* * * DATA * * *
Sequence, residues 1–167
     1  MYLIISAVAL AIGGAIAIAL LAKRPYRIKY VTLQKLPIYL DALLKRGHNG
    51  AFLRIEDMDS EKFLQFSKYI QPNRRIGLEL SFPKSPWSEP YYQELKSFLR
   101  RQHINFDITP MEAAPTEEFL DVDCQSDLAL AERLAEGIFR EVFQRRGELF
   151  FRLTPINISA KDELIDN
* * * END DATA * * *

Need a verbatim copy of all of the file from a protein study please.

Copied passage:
Sequence, residues 1–167
     1  MYLIISAVAL AIGGAIAIAL LAKRPYRIKY VTLQKLPIYL DALLKRGHNG
    51  AFLRIEDMDS EKFLQFSKYI QPNRRIGLEL SFPKSPWSEP YYQELKSFLR
   101  RQHINFDITP MEAAPTEEFL DVDCQSDLAL AERLAEGIFR EVFQRRGELF
   151  FRLTPINISA KDELIDN